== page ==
# Retaining structures – Pressure Distribution

**FUNDAMENTALS OF ENGINEERING**hide

For the Civil FE exam, under knowledge area number** 12. Geotechnical Engineering**, the NCEES FE exam specifications tell us we have to understand how to analyze the stability of retaining structures – **E. Stability of retaining structures (e.g., active/passive/at-rest pressure)**.

Before we can do this, we must have a complete understanding of how the pressure is disturbed along the active side of a retaining wall considering:

- Active Rankine coefficient
- Total stress
- Pore water pressure
- Effective stress
- Water table location
- Surcharge load

With a clear understanding of how the active pressure is distributed both qualitatively and quantitively, we can determine the active pressure force per unit length of wall **P _{A}**.

To prepare for your FE exam, use the pressure distribution diagrams shown below to help you determine that crucial pressure force we will always need when conducting a stability analysis.

### Active Pressure Distribution (Dry Soil)

The location from the bottom of the pressure force (P_{A1}) can be found by using the table on **page. 111 in FE Handbook 10.1**. This is the y-distance centroid for a triangle shape.

### Active Pressure Distribution (Partially Submerged Soil)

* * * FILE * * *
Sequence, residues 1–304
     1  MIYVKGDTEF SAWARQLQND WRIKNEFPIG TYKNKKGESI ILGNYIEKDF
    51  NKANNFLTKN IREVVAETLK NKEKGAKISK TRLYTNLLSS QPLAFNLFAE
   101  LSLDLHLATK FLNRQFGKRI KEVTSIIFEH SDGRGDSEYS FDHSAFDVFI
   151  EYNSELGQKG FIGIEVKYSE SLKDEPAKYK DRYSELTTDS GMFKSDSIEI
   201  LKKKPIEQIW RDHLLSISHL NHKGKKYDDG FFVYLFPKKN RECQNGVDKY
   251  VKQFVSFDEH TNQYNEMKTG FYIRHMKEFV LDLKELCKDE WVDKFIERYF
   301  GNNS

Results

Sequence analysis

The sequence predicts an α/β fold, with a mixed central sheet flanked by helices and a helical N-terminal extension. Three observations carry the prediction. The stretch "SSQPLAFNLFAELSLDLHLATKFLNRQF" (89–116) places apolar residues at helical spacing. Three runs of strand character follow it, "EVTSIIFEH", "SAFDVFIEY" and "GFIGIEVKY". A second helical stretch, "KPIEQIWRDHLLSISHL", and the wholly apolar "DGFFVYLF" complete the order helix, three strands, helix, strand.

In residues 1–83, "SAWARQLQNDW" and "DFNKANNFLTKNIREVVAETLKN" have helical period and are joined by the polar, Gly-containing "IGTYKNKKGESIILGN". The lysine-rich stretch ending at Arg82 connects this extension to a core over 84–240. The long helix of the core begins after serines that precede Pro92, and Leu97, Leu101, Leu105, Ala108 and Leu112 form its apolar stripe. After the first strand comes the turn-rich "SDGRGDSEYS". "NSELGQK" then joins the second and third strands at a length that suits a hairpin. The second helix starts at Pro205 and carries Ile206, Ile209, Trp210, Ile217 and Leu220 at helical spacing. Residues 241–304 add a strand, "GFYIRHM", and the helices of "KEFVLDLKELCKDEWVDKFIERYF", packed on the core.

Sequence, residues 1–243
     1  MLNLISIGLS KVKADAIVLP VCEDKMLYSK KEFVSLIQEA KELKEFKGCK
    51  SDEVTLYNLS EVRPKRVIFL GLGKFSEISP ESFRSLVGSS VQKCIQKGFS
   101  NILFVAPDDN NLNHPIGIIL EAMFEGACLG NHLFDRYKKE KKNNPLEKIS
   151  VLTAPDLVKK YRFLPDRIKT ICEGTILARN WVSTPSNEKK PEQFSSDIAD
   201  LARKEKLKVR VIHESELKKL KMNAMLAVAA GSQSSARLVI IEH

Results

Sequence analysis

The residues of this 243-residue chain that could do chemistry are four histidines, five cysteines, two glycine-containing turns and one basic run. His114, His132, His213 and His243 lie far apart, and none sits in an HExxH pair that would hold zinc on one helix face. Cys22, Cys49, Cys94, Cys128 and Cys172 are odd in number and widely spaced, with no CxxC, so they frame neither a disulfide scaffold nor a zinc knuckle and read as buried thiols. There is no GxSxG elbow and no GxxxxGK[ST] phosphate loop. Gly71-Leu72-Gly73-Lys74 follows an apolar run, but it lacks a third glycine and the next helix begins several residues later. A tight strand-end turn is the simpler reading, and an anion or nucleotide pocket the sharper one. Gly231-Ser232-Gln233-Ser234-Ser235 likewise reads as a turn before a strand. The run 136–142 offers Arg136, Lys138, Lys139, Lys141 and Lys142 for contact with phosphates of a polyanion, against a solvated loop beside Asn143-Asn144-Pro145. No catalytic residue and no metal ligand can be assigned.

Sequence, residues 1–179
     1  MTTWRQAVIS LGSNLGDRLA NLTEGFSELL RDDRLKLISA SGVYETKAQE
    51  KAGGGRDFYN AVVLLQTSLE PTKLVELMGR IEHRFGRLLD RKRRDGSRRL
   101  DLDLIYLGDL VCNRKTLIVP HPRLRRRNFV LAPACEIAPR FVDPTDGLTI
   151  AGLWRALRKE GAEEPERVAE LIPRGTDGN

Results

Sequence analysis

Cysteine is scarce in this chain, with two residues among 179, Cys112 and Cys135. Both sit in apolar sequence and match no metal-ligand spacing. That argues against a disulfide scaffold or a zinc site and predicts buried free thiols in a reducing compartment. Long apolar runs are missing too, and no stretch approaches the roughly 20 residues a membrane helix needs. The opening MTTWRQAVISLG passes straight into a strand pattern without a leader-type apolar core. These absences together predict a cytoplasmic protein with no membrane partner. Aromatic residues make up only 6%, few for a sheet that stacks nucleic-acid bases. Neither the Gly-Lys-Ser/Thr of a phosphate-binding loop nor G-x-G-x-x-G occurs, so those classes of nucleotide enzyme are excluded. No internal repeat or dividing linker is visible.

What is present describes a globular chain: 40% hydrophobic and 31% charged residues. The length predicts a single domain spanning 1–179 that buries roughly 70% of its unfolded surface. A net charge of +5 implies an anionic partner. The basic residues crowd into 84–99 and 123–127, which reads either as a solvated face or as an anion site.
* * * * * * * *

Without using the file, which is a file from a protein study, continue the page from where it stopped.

The locations from the bottom of the pressure forces (P_{A1} and P_{A2}) can be found by using the table on **page. 111 in FE Handbook 10.1**. This is the y-distance centroid for a triangle shape and a trapezoidal shape.

### Active Pressure Distribution (Completely Submerged Soil)

### Active Pressure Distribution (Partially Submerged soil with Surcharge Load)

The location from the bottom of the pressure force (P_{A}) can be found by using the table on **page. 111 in FE Handbook 10.1**. This is the y-distance centroid for a trapezoidal shape.

### Pressure Distribution (Bearing Pressure)

Since the stem of the retaining wall is located off center with respect to the centroid of the wall, eccentricity is said to exist where a bending moment in produced. In this case, the pressure developed is not uniform and can be evaluated as a combined loading case.

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